Give Yourself Permission

Hans AppelBlog, Connect Better, Self Care Better, Teach Happier


  • Give yourself permission to put yourself first and value self-care, wellness, and social emotional learning.
  • We need to be courageous in our P.A.S.S.I.O.N.—pause, assess, space, speak, insight, open, knowledge.
  • Empower yourself to follow through on your BEST INTENTIONS to show up for YOU.  

“It’s important to take a daily temperature of your heart.”

– Diana Patton, Inspiration in My Shoes

Teaching is hard work because at its core, teaching is HEART work. Plain and simple.  And learning to meet our student’s needs means we must first take care of ourselves.  Those of you who have heard me speak or read my book, Award Winning Culture, know that I overcame childhood trauma and abuse to eventually chase my own JOY.  Finding my way to a successful path meant uncovering “Life’s Breadcrumbs” to help me make sense of the chaotic road.

Giving ourselves permission isn’t about stepping on the people we love, serve, and support. It's about adding oxygen to our flame of influence to be even BETTER. Click To Tweet

I remember after one particularly raucous night, my mom was settling into the kitchen to find something to make me for dinner.  She dug around the fridge, pushing back tears and heartache, frantically grabbing items to throw a last-minute sandwich together.  While self-clarity frequently followed my witnessing or experiencing these domestically violent episodes, I instantly became enamored by an unusual item I’d literally never thought twice about before.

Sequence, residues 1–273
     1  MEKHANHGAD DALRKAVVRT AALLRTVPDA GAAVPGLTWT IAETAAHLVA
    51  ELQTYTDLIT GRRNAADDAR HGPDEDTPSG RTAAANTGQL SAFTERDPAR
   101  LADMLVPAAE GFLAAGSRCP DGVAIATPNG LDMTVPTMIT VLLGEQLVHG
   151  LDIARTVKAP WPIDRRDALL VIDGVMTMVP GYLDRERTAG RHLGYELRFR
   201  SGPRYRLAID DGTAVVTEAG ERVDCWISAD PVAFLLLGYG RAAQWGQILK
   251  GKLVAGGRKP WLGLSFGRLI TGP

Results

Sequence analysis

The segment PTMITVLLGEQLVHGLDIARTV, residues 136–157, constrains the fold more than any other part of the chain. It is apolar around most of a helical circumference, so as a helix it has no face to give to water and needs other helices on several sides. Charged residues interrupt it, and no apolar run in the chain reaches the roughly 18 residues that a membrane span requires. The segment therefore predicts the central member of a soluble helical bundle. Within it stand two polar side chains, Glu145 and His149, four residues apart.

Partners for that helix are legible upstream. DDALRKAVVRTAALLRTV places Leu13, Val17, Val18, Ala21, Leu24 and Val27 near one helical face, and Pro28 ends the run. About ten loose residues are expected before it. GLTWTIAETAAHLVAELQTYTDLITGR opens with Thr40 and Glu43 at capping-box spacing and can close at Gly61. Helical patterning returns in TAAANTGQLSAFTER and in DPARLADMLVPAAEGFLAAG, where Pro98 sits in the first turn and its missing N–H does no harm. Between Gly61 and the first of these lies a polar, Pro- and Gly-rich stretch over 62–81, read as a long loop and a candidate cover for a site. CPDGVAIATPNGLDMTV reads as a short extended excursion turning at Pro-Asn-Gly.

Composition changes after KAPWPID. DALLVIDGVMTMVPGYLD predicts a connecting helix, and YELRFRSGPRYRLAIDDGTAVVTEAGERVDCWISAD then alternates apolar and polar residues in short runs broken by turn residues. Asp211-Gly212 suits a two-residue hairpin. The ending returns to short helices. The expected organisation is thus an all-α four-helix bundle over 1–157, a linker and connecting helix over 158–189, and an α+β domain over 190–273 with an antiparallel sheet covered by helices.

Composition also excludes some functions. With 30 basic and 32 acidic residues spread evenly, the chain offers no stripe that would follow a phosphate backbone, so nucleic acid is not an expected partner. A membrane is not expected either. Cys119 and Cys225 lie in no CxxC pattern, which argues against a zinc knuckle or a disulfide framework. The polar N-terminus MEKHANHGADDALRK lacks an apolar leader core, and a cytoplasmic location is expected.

Sitting outside the fridge on the left side of the countertop was my mom’s sweet tea.  I’m sure I had smelled the raspberry flavored goodness for years.  On an unconscious level, I knew where my mom’s jug of tea rested each day but on a conscious level, I had never paused to question the out of place item.  Why would her tea oddly be kept on the counter when all other beverages resided in the cool fridge?

Have you ever passed by something a million times without ever noticing it? Then all of sudden you can’t help but see it through inquisitive eyes?   

How come you drink warm tea?” I questioned my mom.

What do you mean?” she responded as she multitasked sandwich prep with indulging the rabbit hole of curiosity from her 9-year-old son.

You keep your tea outside the fridge. Wouldn’t you rather put it in the fridge so it’d be cold?” I suggested.

There’s not really room for it with everyone’s else’s drinks: juice, pop, beer, etc.,” she explained.  

But don’t you prefer your favorite tea to be cold?” I pestered.

Yeah, I do. But no one else drinks tea and it seems silly to move things around just to accommodate me,” she said as she handed me a perfectly diagonal wedge of ham sandwich. 

Taking a bite, I said, “Well…I think it’s time to give yourself permission to enjoy COLD sweet tea.”  

Moms will quickly identify with this story. But the truth is, as educators we often put others’ needs far before our own.  Prioritizing our own wellbeing, mental and physical health, and self-care can feel like an afterthought through our tinted kids-first lenses.